July 12, 2008

Season Four Saturdays: Prelude to Journey's End

Recently, a commenter had asked why my reviews were being shown out of sync, and I had to admit - I was kind of off-kilter with the Sci-Fi Channel's schedule. So, in an effort to help redress the balance, build suspense, and more importantly - help spread the gospel of classic Who.

Much like fellow bloggers/Whophiles Siskoid and Rich, I sometimes think new Who is enjoyed at the expense of classic Who. For me, classic Who is to new Who what a good stout is to American beer - you can enjoy both, but one is meant to be savored.

This season has seen a more conscious effort to integrate classic Who mythology (and just in time for the 45th anniversary!) - with its focus on moral choices, on paths not taken, this season draws very heavily from two classic Who stories.

The first is my personal favorite story - the one that got me hooked on Who in the first place (and quite frankly, the one where RTD is pulling most of this series' themes). Genesis of the Daleks is a story that is steeped in morality and ethics - in fact, at the very beginning, the Doctor is given a mission by the Time Lords: stop the Daleks before they become a threat. (Or, to use the old chestnut which is quoted, "If you could go back in time and kill a ruthless, evil person while they were a child - would you do it?") Characters spend time discussing choices - from removing emotions that would make the Mark 4 Travel machines more efficient, to hating someone because they're attractive - and somehow, it makes for thrilling drama. When the crucial time comes for a choice, the Doctor asks himself, "Have I the right?" - for many of us, it would seem an easy choice, but the ramifications (only hinted at in this season's "The Fires of Pompeii" seem monumental.)

However, a much earlier examination the Doctor's morality - and a crackling good story - can be found in 1973's Doctor Who and the Silurans. (Available both by itself as well as part of the Beneath the Surface boxed set). Set during the "UNIT era", this story tells the tale about a lost race of reptiles who evolved long before man...and who want their planet back. (The What Lies Beneath featurette helps place this story in a historical perspective). Throughout the course of seven (!) episodes, we see both sides - Silurian and human - debate whether they can coexist, or whether there needs to be wholesale genocide of another race.

I know, some of you are saying to yourself, "Gee, Gordon, these are long episodes - new Who fans won't want to watch these really long stories." But one of the advantages of these - the one which gives classic Who its edge - is that the Doctor serves as an absolute moral force. Granted, you can argue that the Time War made the Doctor's life ethically more complicated...but these are both stories where the Doctor seems to stand for value. Plus, at their extended pace (Genesis' six episodes, the Silurians' seven episodes), they allow for a much more thorough style of storytelling, and don't feel the need to cram a ton of detail into 45 or 90 minutes. (Yes, I'm talking to you, Stephen Greenhorn!). Plus, watching these shows is like enjoying a fine gourmet meal - you can like McDonalds, but sometimes, you want a nice, well-cooked steak. Or chicken).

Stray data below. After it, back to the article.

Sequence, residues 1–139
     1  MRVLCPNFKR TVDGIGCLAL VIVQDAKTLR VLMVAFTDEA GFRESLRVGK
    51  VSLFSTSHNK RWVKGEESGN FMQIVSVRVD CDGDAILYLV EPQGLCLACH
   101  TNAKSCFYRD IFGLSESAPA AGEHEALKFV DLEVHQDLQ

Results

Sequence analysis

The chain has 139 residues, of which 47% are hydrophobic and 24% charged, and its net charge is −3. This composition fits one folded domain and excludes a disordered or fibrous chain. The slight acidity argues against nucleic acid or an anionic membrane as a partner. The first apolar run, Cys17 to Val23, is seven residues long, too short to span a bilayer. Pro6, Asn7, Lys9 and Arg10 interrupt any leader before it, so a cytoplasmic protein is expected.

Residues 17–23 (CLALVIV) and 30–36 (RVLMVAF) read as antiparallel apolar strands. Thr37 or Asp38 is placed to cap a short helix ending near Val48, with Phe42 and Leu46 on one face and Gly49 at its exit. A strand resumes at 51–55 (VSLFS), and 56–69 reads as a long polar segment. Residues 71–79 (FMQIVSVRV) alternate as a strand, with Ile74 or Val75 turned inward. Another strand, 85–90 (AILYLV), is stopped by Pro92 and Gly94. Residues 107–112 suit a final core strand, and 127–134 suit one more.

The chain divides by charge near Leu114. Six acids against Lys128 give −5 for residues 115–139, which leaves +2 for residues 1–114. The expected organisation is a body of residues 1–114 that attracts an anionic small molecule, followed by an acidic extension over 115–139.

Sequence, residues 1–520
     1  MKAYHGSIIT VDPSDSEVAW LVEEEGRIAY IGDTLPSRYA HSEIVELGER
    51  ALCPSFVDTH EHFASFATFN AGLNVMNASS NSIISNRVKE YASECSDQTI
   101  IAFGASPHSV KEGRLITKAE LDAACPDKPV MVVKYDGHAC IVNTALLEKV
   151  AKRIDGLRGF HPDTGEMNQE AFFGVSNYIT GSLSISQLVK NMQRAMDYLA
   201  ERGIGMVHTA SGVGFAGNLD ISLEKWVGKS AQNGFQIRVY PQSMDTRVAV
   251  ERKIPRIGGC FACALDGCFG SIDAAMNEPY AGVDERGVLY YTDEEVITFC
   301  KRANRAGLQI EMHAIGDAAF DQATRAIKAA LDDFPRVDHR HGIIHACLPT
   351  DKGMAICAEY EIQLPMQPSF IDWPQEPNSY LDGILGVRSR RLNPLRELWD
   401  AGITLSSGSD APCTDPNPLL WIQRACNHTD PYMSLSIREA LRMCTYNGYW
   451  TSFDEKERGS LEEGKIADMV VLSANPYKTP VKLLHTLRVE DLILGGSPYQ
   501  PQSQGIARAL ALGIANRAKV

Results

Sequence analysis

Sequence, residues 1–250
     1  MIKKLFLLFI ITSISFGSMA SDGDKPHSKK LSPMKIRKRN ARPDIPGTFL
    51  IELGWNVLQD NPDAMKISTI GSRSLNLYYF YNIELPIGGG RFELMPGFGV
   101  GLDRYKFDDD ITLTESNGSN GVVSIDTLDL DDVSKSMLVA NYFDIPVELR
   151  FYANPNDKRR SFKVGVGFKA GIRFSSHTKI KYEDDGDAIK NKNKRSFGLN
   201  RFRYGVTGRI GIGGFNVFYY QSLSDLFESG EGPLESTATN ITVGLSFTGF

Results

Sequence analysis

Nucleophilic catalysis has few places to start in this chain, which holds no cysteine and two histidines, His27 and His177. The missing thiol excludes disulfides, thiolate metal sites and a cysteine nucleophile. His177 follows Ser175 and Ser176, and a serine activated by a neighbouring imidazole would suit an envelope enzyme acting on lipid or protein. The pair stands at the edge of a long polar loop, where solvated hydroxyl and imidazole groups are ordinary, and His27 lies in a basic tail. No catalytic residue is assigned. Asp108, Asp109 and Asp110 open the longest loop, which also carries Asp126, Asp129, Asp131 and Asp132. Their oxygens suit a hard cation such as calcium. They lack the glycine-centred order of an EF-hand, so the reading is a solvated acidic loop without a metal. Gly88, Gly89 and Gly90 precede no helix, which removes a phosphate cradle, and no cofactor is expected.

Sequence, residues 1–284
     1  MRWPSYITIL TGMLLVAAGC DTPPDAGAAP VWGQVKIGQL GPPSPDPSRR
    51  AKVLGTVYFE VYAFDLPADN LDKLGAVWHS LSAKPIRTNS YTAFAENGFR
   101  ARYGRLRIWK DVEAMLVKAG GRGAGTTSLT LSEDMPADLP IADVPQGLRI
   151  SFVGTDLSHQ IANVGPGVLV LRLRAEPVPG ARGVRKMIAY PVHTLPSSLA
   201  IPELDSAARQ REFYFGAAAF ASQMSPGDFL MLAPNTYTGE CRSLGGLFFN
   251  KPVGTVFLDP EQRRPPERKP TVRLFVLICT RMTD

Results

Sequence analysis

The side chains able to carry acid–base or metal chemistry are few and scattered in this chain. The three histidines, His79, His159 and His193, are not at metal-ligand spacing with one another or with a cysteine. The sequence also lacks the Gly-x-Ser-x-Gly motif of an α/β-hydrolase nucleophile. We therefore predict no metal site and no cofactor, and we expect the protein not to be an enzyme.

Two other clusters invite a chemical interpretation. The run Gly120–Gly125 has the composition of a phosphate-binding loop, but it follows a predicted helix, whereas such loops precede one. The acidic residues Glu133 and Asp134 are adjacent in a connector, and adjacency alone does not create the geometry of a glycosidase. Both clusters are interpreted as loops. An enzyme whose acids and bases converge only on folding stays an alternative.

But enough of that - I know, I know, you're all waiting for the season finale, unless you were smart enough to legally obtain it early. Since you have until Christmas for new Who - and only four specials in 2009 - this is your chance to help your new Who loving fans play catch up.

You'll thank me later. Honest.

Genesis of the Daleks: Highly Recommended
Doctor Who And the Silurians: Highly Recommended


Siskoid said...

Definitely. I like both. Though Classic Who can definitely be split into at least as many eras as there are Doctors (Hartnell's early stories are rather different from Pertwee's, for example).

And you've named two excellent stories with strong moral dilemmas. (Although, if I must nitpick, that's a picture of a Sea Devil there, not a Silurian.)

Keep preaching the Good News, brother. If people can enjoy both classic and modern versions of Batman or Star Trek, they can certainly give Classic Who a try. (Actually, I made a new Who fan a Hartnell fan with just The Aztecs.)

Gordon D said...


Actually, I did a screengrab from the Silurians DVD...and it is a Silurian.

(Although the designs are similar for both)

Siskoid said...

I thought the Silurians were the gray ones with fish-like faces?

No you're right. Man, I could never tell them apart.

Camera Obscura said...

When trying to convince folks to watch Old-Who, you might remind them that an episode was only 22 - 25 minutes long, so that one of the teeny two-ep arcs, say The King's Demons or Black Orchid from Five's era, is just like watching a Nu-Who.

I was raised Old-Skool (if you consider starting at the age of 18 "being raised.") So yeah, I think everybody needs to use the down-time until the 2008 Christmas Special hits the USA (if you can't legally get ahold of the Proms clip next weekend and the Christmas Special on Christmas) to study your history, chilluns. You'll discover that there's a world of references in Nu-Who, thanks to the producers and writers being Old-Skool fans themselves, that you've been missing unless some ancient Whovian choses to chortle about them during a review.

If you're not up for just taking episodes as you can get them, there are tons (ack, almost used the Brit spelling there) of online communities and boards quite eager to point you to the best of each Doctor (just ask Wil Wheaton what happens when one inquires.) LiveJournal is just one that is awash in Whovians, and a basic account is free. My only caveat is that things can get a bit slashy... *grins*